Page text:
First, let’s talk about the script is about.  We need to collect the SQL Server Name, Database Name, SQL version, Database creation date, Data File size, Log File size, and the Database Status.  The easist way to do this is using the .NET classes available through SQL Server Management Objects, known as SMO.
 
The first part of our script loads the SMO namespace and the PowerShell SQL Server Snap-In’s.  At the moment the script only uses Invoke-SQLCmd, but that could be expanded.
 
[System.Reflection.Assembly]::LoadWithPartialName("Microsoft.SqlServer.SMO") | out-null
Add-PSSnapin SqlServerCmdletSnapin100
Add-PSSnapin SqlServerProviderSnapin100
 
Next we create an empty array variable called $DBInfo.  In the script I don’t use it yet, but I have played with using ConvertTo-HTML and Out-File to make a simple website.  I have a table (database_info) in a database we use for DBA information (mgmtdb) on one of our servers.  You would need to make a table somewhere of your liking with columns that match our INSERT statement later in the script.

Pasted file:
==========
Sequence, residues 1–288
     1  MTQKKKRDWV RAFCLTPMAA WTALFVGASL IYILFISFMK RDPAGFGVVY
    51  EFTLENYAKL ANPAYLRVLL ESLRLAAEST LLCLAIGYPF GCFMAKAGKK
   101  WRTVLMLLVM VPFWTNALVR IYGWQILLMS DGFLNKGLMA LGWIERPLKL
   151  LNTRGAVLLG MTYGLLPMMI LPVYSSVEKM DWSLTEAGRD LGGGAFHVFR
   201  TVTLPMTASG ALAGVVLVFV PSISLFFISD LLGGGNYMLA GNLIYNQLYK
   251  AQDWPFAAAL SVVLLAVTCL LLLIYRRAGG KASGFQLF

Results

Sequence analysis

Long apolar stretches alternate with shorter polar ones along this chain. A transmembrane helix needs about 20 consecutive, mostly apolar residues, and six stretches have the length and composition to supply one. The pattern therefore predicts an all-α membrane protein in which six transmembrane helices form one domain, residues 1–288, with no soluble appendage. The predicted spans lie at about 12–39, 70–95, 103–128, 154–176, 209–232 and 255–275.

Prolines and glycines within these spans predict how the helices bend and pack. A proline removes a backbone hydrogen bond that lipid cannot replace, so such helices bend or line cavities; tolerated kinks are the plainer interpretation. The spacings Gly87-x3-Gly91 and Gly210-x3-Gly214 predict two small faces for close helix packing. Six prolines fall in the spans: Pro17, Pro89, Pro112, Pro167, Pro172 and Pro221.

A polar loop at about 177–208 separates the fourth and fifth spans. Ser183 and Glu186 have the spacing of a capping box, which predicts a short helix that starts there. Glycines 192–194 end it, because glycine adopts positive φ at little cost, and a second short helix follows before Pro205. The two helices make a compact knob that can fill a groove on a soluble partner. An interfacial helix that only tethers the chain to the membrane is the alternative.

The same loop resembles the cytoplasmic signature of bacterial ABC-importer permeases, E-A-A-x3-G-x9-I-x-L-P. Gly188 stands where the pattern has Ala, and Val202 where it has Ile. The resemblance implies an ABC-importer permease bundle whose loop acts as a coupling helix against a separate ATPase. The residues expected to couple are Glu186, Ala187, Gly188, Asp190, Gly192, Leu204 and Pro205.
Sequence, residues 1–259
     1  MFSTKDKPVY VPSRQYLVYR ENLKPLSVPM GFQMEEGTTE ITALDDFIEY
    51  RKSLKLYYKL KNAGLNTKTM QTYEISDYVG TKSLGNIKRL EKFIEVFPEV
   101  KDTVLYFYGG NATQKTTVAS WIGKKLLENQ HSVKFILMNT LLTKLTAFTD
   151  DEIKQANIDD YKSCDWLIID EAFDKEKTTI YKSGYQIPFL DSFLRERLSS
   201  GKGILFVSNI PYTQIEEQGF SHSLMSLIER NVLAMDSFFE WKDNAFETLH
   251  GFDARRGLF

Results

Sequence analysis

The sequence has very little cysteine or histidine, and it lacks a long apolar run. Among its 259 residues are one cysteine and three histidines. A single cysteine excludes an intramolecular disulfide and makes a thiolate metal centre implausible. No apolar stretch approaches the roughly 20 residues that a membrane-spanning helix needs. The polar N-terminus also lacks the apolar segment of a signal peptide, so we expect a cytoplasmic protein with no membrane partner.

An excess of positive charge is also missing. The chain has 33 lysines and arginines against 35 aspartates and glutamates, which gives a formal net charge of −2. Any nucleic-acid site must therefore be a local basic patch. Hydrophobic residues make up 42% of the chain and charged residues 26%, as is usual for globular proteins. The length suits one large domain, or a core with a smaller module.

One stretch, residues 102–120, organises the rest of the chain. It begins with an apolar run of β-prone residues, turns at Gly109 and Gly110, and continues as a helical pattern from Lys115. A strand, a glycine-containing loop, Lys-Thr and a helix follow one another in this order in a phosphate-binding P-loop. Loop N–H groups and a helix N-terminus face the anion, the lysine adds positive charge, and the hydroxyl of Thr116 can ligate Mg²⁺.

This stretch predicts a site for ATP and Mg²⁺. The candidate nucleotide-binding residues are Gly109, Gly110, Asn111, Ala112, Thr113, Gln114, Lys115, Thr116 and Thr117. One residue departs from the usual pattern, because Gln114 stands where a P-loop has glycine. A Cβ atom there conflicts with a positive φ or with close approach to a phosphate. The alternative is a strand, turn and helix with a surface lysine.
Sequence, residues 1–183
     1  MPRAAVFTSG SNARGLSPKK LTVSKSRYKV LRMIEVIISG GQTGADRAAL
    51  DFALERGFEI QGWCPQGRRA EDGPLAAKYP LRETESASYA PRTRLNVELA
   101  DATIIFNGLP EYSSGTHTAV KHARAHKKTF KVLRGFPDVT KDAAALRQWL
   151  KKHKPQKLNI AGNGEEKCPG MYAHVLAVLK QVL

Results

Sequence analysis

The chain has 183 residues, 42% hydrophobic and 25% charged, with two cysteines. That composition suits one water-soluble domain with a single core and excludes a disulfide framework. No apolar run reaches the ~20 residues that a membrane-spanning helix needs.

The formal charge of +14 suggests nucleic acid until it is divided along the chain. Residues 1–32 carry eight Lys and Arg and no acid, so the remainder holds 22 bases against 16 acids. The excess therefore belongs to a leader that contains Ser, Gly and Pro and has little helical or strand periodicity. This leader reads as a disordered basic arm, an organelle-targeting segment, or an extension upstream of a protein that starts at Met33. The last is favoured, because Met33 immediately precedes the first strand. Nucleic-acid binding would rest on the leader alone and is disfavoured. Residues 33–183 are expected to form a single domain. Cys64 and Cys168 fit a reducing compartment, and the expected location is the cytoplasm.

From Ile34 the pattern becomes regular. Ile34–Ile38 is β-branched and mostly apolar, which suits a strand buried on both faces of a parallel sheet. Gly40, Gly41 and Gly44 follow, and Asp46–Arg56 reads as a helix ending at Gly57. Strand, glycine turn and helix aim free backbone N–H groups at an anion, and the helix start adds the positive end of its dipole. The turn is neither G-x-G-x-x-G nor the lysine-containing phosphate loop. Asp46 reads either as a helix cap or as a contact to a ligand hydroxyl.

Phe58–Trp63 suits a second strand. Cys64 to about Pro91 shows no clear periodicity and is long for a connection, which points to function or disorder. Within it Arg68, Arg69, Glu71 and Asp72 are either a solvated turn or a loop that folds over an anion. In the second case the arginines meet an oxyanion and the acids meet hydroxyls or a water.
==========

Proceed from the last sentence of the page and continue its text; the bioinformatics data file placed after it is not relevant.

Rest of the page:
$DBInfo = @()
$serverlist = invoke-sqlcmd -serverinstance "yourserver" -query "select distinct(instance_name) from mgmtdb.dbo.database_info"
 
Once we have our list of servers we can begin stepping through it and connecting to each one. We create the $svr variable and connect it to the current server in the loop.  We then populate the $version variable since it won’t change for any database on this server. Then we step through each database that exists on the server using the $svr.databases collection.
 
ForEach ($server in $serverlist)
{
  $svr = New-Object "Microsoft.SqlServer.Management.SMO.Server" $server.instance_name
  $version = $svr.version
  foreach ($db in $svr.databases)
  {